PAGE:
Why do conspiracy theories so often receive their strongest support from the world's dictators? Dictators are almost always oddballs, but it is worth asking: Is quackery a required trait of authoritarian rule?
Having grown up in the Soviet Union, I am particularly sensitive to the impact of perverse scientific theories on a society. Stalin rejected Mendelian genetics and even Darwin's theory of evolution, in favour of the bogus theories of Trofim Lysenko, the Soviet biologist who believed that human traits were acquired, not inherited. With Stalin's backing, Lysenko sent Soviet biology down a two-decade-long rabbit hole of lunacy.
Nikita Khrushchev overturned Stalinism, but he had his own pet theoretical perversity. He believed a group of hardened engineers and geologists who argued that Soviet atomic bombs could be used to reverse the course of major rivers, allowing water to be redirected toward agriculture, rather than being "wasted" by flowing into the Arctic Sea.
Of course, Russia's experience with authoritarian charlatanism is hardly unique. Hitler's embrace of disturbing racial "science" delivered the world into darkness and led to the Holocaust. Today, the same paranoia-fuelled attraction to phoney ideas motivates many authoritarians to endorse conspiracy theories and disregard conventional wisdom.
For example, Turkish President Recep Tayyip Erdo?an has refused to heed the advice of economists and endorse an interest-rate hike in response to the lira's collapse. His position is economic nonsense but it cannot be separated from his belief that malevolent external actors - usually acting through the financial markets - are plotting against his regime.
But perhaps no current leader is more susceptible to half-baked theories than the US president and wannabe authoritarian, Donald Trump. Since entering the White House, Trump has repeatedly linked vaccines to autism - despite overwhelming evidence refuting any connection. He has also denied the well-established link between human activity and climate change. And he has insisted, over the protests of countless economists, that trade deficits are a sign of US economic weakness.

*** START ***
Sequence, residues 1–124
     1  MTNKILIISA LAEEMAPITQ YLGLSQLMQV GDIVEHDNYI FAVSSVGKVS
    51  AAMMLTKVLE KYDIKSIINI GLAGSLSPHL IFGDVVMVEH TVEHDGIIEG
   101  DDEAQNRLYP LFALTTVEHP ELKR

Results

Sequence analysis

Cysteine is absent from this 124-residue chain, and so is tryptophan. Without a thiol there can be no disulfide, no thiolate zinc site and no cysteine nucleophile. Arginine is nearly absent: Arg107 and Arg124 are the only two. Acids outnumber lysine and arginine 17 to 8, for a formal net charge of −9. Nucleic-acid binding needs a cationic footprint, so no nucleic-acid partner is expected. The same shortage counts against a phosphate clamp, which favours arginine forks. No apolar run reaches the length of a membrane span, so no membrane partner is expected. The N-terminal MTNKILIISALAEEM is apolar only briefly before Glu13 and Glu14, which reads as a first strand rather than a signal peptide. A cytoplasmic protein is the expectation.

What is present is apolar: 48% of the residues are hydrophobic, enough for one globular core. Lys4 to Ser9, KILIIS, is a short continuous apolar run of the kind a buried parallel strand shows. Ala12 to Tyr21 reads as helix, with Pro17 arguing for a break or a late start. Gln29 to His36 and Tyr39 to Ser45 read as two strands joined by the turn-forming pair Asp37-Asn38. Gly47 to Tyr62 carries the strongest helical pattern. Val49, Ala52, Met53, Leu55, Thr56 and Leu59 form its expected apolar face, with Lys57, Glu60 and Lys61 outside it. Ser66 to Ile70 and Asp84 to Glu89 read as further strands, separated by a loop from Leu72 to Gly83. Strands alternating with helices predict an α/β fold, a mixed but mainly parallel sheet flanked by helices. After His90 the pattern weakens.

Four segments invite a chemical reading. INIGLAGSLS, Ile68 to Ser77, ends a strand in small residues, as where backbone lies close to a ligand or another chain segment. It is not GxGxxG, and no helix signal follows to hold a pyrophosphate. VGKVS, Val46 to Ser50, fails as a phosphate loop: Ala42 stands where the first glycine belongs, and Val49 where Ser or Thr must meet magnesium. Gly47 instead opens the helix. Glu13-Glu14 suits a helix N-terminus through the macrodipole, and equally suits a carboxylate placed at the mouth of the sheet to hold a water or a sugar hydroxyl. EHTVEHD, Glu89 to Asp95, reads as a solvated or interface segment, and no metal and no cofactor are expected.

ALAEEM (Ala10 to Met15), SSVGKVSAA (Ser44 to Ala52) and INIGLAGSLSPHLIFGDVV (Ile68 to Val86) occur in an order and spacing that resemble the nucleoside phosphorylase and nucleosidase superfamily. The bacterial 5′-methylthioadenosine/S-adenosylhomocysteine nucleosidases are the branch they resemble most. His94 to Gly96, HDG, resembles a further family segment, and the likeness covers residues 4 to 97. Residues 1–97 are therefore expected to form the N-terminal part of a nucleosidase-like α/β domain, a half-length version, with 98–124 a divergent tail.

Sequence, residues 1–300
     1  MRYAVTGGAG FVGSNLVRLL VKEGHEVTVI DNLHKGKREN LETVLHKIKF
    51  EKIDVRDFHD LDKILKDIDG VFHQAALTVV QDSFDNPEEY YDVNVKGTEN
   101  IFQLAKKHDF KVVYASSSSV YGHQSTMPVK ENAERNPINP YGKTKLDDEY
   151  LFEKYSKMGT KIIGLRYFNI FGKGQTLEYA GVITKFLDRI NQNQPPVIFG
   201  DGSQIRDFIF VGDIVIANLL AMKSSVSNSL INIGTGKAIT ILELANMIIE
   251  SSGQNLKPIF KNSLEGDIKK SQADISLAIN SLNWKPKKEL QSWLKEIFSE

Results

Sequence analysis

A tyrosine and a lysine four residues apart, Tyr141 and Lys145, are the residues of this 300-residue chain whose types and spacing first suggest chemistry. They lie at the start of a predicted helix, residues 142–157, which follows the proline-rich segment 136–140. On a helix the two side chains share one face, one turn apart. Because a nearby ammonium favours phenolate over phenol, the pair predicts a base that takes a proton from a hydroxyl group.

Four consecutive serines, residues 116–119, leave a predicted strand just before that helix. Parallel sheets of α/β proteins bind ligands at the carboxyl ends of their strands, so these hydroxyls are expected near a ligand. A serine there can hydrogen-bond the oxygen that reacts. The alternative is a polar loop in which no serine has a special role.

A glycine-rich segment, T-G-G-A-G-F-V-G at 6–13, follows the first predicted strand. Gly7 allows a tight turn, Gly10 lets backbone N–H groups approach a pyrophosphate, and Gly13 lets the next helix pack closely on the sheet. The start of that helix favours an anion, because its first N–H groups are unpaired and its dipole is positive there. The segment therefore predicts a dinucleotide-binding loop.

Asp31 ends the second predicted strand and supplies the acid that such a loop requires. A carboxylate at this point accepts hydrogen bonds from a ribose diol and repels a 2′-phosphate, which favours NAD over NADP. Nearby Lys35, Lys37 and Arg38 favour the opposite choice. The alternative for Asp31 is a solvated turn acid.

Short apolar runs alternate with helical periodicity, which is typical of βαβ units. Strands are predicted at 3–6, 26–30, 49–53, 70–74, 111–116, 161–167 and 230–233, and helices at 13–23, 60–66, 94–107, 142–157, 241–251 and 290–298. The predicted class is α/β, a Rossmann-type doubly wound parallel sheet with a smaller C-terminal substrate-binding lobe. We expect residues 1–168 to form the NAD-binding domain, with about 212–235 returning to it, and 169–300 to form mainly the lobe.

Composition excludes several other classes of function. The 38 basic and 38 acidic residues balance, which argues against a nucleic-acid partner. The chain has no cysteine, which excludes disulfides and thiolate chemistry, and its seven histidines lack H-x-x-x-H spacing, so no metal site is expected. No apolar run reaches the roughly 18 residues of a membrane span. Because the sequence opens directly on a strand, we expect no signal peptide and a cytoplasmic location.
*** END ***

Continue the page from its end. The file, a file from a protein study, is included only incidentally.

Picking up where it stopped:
Trump also appears convinced that the FBI and the media are conspiring to bring down his presidency. In this sense, he has embraced what the historian Richard Hofstadter described as a "paranoid style" of politics. Perhaps this is what draws Trump to Russian President Vladimir Putin, who also believes that the world is scheming against him.
And yet, even the most deeply held bogus beliefs eventually run up against reality. Those who refuse to recognise the world as it is - whether they are viewing it from Moscow, Washington, or any number of other places - will eventually lose the power that their denial was intended to protect.
Nina L. Khrushcheva is Professor of International Affairs at The New School and a senior fellow at the World Policy Institute.
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